And this is where we left off in Part 1 of Adventure and Misadventure. We were headed out onto the route called the Wieslauftal biking route, a 47.7 km route heading out of the city, into the forest and past many small towns and points of interest. We, however, were just hoping to make it to the forest and then turn around, a total distance of something like 12 km. Off we went, almost immediately surrounded by greenery, with tree-covered hills both nearby and off in the distance. It was warm, sunny, and so nice to be out in nature.
Though first we passed by some fun artwork. This stenciling in an underpass:
And this really cool youth center!
Once we got past the edge of the city’s rough streets and onto the relatively smoother biking path, I kicked up the pace. We had a decent ways to go, it was already 3pm, and I’m very goal oriented. But going fast doesn’t mean I couldn’t stop and admire the scenery around us or take some photos.
By the time we turned around, I hadn’t taken many photos, so I warned Michael to be on the lookout for any good photo ops. The sun was getting low, so there were plenty! And I wanted to show you what some of our path looked like.
I figured that I don’t take many photos of “normal” things, even though they’re different than the normal things we saw in our home in the US. So here’s a view of one of the town streets we walked past.
It’s about as normal as it gets. This wasn’t the prettiest street, sorry. I thought it would be a bit weird to take a bunch of photos in some of the neighborhoods as actual people lived there and were also out enjoying the perfect weekend weather in their beautiful little gardens by their beautiful little creekside homes.
At one point, there were a man and his horse hanging out where the bike path intersected with a road at the edge of the next town. He was just sitting on a rock while the horse munched on some grass. Before we went past the horse, I asked if it would be alright, since an electric wheelchair is not a usual thing to be rolling down a bike path, and I didn’t want to startle the horse. The man laughed and smiled and said that of course it would be fine! If we startled it going past, he’d know that something was wrong with the horse. Ha! Nice guy.
I drove Michael’s chair most of the way. For that, I just turn the speed down and use my left hand so I can walk by his side. It was nice for this long walk because Michael’s hand falls asleep after a time, and if I drive, he can just relax, and we can go at a quick pace, except for all of the stops for photos!
This whole way as we were going, I just followed the signs for the bike route, and where there were intersections of multiple bike routes, I followed the one for our path. And then it was starting to get a little late, and I thought we should have been to the forest by that time. We were at another intersection, and I had to decide where to go, so I pulled up Google maps. And that’s when I realized something was amiss.
So sad! We found ourselves just past Plüderhausen, still going east and now a bit south, and we were supposed to have gone north through Urbach! It was already 5pm, and we did not have time or energy to backtrack and go the right way. While I was pretty disappointed because I’d had my heart set on at least, at least, making it to the stinking forest when we’d gone all this way and completely had to change our original plans, Michael was just happy-go-lucky Michael and said, “Oh well! It was still a really nice walk.” How I love that man.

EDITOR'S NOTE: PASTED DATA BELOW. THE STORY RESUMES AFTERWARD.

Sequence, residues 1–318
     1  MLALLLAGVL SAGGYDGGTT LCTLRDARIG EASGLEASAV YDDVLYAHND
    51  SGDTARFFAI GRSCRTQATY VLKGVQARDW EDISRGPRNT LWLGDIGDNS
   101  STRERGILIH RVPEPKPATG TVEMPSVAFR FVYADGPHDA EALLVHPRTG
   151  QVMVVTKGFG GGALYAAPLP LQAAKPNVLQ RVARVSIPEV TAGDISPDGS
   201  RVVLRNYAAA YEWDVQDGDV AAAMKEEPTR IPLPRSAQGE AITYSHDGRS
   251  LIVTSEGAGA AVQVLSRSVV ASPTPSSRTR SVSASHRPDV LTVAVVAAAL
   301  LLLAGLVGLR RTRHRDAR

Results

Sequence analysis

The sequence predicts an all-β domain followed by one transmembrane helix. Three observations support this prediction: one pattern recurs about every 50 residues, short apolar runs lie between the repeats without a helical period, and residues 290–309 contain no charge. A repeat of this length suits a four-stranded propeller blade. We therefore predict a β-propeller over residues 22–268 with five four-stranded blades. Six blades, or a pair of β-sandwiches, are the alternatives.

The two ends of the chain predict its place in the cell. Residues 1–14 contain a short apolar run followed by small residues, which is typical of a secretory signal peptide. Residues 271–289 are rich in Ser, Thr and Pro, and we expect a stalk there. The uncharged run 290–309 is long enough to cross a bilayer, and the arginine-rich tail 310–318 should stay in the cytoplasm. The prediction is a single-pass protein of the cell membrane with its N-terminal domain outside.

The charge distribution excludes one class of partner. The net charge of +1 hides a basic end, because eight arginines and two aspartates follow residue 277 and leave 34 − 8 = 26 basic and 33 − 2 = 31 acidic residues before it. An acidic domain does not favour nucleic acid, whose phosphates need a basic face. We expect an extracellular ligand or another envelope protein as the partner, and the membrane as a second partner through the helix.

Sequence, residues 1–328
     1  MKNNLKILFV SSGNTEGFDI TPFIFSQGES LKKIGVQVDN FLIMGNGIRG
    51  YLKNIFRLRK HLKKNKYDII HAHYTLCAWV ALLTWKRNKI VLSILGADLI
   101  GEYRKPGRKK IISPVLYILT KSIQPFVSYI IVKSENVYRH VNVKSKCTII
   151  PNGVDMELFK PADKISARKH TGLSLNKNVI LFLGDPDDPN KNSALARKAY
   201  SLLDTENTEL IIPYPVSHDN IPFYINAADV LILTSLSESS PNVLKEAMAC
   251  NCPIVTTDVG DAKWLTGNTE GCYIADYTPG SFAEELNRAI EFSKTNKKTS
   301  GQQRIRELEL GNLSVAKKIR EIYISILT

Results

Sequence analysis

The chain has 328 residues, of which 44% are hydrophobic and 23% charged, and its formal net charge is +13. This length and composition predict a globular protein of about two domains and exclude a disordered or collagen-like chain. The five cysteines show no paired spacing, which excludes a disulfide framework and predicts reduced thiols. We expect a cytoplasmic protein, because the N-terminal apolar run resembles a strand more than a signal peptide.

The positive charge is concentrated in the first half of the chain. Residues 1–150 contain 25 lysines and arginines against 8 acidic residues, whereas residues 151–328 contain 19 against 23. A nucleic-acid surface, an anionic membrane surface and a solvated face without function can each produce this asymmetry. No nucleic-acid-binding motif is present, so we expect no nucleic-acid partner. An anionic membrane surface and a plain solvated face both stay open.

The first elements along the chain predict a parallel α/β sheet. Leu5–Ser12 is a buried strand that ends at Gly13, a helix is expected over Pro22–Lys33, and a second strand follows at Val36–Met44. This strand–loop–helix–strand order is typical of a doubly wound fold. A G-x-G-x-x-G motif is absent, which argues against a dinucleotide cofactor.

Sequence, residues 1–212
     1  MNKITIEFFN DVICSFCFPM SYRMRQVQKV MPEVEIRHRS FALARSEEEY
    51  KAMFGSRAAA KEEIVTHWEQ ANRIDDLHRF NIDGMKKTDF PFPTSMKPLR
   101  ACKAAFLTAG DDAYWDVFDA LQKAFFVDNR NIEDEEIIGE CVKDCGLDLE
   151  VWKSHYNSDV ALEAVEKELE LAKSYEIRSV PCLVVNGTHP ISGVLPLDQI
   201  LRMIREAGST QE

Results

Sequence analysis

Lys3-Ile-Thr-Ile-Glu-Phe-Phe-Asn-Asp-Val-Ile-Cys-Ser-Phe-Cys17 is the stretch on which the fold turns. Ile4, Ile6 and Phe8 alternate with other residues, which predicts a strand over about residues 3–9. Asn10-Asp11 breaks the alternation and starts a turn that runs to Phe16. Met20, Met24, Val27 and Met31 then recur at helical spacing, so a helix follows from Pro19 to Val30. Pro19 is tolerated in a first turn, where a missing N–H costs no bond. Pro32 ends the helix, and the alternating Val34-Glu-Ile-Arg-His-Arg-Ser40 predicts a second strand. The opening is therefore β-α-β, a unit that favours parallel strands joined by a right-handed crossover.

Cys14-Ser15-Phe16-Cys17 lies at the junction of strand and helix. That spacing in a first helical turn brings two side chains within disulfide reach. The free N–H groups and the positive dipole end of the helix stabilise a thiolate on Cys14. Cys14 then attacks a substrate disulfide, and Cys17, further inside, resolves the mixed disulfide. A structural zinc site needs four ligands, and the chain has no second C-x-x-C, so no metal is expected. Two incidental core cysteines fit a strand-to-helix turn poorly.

You can see approximately where our path diverged:
Well, it’s easy to see how we got so far from our path. I was following the Remstal bike path signs, and we were supposed to go on the Wieslauftal route! Whoops. My memory deceived me when it came to the point to decide which path to continue on.
Michael was right, though. It was a beautiful walk anyhow. And it got even more beautiful as we strolled through the light of the setting sun, 7.5 km back to the train station.
The late afternoon sunlight lit up everything with beautiful golden shades.
Even the muddy paths through the construction site were picturesque.
I love how close nature is to the cities. It’s so accessible! I don’t know how I could live anywhere without green in view.
Arriving to the youth center brought us once again to the edge of Schorndorf where we waited for our train back home. It was a short twenty minute ride back to our town, where I wish we could say that we happily hopped off, walked two blocks, and arrived home to have a late dinner and relax. Unfortunately, this tale continues more like the circumstances of a volume of the Unfortunate Events of the Baudelaire children.
When we arrived at our final station, I suddenly realized that, while we had started our trip leaving from the platform which we did not need to use the broken elevator to access, our arrival brought us to the platform which we would not be able to get off of. It was either get off the train and be stuck on the platform or figure out a different plan and quickly!
I didn’t have time to smack myself upside the head for not realizing in advance that this would happen. I had one goal, to get us home. The next station was a close one which I’d heard is an easy walk home from, though probably about 40 minutes or so. However, when we arrived, it was completely dark out, and I’d never walked that route before. We opted for a bus. The bus required a transfer, and we could make it home in less time than walking … if the bus was on time.
The bus, as buses typically are, was not on time. Thankfully, however, a couple of very nice passengers that we encountered on the first bus let us know that we could make our transfer at the last stop on the route. Since we were late, we had to wait 15 minutes for the next bus. No worries.
We made it home at 8:45pm, 1 hour and 45 minutes since we had arrived at the Schorndorf S-Bahn.
What a day! And all because of a broken elevator.
Love from Germany,